Kale still manages to stay alive under the snow. (Mary Lowther photo)

Kale still manages to stay alive under the snow. (Mary Lowther photo)

Mary Lowther column: What can gardeners do when it snows?

I can still harvest those hardy plants that survive winter frosts

By Mary Lowther

In my last column I mentioned my New Year’s Resolutions, but I forgot the most important one: garden as if your life depends on it because one day it may. We have seen how vulnerable the supply chain is, so the wise will do everything they can to keep it as short as possible.

When the snow is too thick to find the ground which is too frozen to dig anyway, the dedicated gardener can still make tea and sit down in a warm place with pen and paper to plan the post-thaw garden. I take out the seed packets I have organized chronologically and make sure they’re in the container with the correct sowing date.

I pull out my agenda book for the new year and write in the appropriate dates to fertilize, spray compost tea, harvest and sow cover crop. I make sure each seed packet has the following written on it: the first and successive sowing dates and the year they’re viable to.

I can still harvest those hardy plants that survive winter frosts, such as Brussels sprouts, leeks and kale, and if I had actually sown crops into a cold frame rather than just writing about it, I might dine on spinach, green onions and radishes. I didn’t get that done last year because we were still building the big new garden David insists I asked for, but by next winter I will be ready, no matter how hard he has to work.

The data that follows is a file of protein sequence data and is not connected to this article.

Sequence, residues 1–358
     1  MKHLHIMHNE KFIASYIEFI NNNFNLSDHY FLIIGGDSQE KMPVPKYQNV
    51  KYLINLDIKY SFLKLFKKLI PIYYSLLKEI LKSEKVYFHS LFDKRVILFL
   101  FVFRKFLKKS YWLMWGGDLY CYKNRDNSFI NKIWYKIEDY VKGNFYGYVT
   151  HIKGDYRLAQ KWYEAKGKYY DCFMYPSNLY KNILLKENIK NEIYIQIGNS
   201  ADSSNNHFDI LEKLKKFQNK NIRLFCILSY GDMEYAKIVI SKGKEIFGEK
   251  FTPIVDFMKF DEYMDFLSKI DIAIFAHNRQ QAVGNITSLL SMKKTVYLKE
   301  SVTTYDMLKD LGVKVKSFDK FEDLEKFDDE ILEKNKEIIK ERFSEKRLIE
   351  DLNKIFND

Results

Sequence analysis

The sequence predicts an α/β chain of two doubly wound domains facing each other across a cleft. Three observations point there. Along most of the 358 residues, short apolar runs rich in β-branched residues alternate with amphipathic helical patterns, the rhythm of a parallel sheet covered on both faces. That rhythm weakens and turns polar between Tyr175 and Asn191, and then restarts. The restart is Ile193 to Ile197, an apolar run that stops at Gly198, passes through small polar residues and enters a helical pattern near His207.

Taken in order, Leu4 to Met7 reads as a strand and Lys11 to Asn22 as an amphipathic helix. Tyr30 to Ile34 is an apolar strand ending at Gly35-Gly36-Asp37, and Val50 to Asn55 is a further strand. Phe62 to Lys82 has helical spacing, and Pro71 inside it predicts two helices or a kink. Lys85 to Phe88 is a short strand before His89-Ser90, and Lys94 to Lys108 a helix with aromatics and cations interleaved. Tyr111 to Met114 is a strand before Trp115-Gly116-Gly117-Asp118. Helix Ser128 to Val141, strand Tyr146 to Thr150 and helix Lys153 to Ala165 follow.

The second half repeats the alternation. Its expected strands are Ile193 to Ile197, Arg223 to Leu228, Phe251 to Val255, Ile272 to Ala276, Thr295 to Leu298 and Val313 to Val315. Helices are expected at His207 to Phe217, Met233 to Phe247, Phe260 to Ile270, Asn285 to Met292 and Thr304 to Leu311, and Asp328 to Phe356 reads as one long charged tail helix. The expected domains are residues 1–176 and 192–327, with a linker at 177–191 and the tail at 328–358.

I did harvest some small, straggly chicons from the thin chicory roots I dug in the fall; they weren’t half bad when mixed with other salad greens. As the garden beds become richer with amendments and subsequent biota, I expect to harvest thicker chicory roots to force next winter to produce more robust greens.

One must release pent up gardening energy. If sorting seeds isn’t enough, creating structures for the garden can help. Bird houses, bee houses, cold frames and getting stakes ready for labelling come to mind. Shoveling snow may use up energy but it’s not related to gardening and doesn’t count.

On the subject of snow, it is now a quarter century since we had the great dump of Dec. 28, 1996, when six feet fell between midnight and sunrise. Those of us who survived that understand that this year’s output is more of an inconvenience than an Armageddon.

Soon the snow shovels will be gone and the gardening tools brought out. That’s why we celebrate the solstice.

Please contact mary_lowther@yahoo.ca with questions and suggestions since I need all the help I can get.